Peter Vogelsang served as a Lieutenant in Co. H of the famous 54th Massachusetts Volunteer Infantry Regiment.
In the Civil War, at the Second Battle of Fort Wagner on July 18, 1863, former Trinity member Peter Vogelsang, the oldest member of the all-black 54th led by the 54th Massachusetts Volunteer Infantry, is wounded in a heroic but doomed charge on the Fort, but survives; he becomes one of the first black commissioned officers in the American army. Vogelsang was also a founding member of St. Luke’s Episcopal Church, New Haven; he was one of 46 black founding members who left Trinity when the vestry voted to restrict black members to a handful of pews in the back of the church. As clerk of the newly formed St. Luke’s he worked with Rector Croswell to found the new all black church in New Haven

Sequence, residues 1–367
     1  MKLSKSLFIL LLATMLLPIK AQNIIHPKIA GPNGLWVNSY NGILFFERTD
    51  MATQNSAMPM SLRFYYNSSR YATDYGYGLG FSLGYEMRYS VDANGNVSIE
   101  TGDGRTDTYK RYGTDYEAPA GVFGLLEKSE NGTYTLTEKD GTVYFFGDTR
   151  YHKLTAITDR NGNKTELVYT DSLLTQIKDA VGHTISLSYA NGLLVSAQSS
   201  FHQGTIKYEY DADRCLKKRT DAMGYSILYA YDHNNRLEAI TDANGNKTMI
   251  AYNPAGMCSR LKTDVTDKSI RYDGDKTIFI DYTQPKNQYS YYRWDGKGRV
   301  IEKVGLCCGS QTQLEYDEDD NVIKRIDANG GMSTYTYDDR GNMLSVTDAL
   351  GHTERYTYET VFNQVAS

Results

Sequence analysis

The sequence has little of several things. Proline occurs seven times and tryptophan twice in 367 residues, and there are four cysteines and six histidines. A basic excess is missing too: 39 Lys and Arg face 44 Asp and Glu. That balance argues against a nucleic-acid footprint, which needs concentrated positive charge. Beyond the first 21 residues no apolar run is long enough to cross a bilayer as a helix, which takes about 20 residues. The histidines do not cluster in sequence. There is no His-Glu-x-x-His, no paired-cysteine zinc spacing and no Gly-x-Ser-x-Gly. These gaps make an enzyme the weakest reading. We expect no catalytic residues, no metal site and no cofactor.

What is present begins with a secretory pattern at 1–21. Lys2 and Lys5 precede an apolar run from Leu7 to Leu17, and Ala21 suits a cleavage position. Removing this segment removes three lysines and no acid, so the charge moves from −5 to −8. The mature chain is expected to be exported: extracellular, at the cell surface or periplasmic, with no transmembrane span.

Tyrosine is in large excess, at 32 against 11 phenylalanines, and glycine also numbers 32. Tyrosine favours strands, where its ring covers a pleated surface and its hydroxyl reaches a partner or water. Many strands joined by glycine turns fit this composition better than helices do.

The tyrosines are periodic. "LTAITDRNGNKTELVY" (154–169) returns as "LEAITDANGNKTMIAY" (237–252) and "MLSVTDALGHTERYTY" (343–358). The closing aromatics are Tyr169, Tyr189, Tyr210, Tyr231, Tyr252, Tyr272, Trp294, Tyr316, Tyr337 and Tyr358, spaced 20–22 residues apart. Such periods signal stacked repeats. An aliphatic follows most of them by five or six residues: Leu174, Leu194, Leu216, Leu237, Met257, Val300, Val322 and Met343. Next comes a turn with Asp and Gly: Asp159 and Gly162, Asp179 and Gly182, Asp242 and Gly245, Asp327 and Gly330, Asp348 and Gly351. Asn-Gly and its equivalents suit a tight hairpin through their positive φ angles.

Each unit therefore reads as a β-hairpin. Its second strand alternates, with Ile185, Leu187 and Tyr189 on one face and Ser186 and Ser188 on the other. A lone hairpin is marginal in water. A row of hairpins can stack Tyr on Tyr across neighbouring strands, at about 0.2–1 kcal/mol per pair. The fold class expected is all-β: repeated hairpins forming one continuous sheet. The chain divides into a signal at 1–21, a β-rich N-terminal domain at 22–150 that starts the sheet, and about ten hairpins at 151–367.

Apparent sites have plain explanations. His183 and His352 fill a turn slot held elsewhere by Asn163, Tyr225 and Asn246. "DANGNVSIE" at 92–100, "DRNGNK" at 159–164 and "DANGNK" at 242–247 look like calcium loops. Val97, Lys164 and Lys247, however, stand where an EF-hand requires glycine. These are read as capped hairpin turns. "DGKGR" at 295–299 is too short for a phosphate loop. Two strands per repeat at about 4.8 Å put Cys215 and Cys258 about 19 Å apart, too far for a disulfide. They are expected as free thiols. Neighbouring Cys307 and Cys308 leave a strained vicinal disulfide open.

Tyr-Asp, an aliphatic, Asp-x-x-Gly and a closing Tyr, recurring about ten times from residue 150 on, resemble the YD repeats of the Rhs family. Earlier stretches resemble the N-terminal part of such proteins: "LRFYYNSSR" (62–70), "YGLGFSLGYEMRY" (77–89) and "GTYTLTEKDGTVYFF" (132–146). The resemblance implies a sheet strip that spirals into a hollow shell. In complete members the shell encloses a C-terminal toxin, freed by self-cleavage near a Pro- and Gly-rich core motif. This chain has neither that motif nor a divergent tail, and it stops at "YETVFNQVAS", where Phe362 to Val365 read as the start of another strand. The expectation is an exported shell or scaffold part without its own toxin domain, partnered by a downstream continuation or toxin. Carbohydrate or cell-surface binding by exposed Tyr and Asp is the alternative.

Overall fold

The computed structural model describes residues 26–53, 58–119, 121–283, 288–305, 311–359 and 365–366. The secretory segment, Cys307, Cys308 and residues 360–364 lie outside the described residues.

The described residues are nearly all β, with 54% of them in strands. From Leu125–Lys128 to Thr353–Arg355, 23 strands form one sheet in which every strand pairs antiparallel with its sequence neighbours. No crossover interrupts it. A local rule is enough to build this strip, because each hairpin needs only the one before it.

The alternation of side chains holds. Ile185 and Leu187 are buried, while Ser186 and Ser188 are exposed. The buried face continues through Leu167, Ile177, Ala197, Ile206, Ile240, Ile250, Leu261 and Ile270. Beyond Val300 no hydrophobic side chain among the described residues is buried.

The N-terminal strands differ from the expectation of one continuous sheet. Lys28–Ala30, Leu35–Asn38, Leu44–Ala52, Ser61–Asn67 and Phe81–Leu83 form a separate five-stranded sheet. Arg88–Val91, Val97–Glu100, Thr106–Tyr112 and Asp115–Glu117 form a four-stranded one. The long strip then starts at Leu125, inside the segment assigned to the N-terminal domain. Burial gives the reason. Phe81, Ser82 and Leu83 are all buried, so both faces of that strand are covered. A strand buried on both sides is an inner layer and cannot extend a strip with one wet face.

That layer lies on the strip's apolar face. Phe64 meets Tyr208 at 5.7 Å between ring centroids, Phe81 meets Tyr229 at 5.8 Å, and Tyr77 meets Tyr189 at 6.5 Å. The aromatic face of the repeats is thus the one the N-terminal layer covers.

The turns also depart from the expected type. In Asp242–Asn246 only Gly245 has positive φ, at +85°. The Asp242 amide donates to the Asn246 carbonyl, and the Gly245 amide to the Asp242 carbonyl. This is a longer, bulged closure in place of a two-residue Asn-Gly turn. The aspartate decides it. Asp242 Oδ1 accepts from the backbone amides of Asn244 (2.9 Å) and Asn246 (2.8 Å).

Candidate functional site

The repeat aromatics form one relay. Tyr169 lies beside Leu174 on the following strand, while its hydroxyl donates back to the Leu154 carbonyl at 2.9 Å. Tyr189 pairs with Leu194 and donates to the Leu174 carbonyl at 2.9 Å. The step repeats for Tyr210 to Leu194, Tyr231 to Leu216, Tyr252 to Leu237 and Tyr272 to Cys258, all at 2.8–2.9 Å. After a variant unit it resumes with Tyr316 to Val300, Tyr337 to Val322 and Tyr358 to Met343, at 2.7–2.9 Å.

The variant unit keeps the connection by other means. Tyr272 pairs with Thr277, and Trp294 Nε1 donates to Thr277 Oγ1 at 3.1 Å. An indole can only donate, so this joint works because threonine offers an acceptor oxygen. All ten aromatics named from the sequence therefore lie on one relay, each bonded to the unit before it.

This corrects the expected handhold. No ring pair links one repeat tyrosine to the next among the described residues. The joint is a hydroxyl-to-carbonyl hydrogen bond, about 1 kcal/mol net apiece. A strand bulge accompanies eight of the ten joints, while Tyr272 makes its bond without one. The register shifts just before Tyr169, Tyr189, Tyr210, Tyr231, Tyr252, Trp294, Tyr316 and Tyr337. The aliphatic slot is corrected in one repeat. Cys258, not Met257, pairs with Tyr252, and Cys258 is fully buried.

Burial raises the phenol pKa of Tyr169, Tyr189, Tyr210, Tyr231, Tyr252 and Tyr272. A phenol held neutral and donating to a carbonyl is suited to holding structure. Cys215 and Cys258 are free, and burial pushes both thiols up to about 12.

Vogelsang came from a family of activists. His father was a founding member of both the African Society for Mutual Relief and St. Philip’s Episcopal Church. He married into another prominent black family when he wed Theodocia DeGrasse, the daughter of George and Maria DeGrasse. During the Civil War, Peter served in the famous Massachusetts 54th Regiment under Colonel Shaw.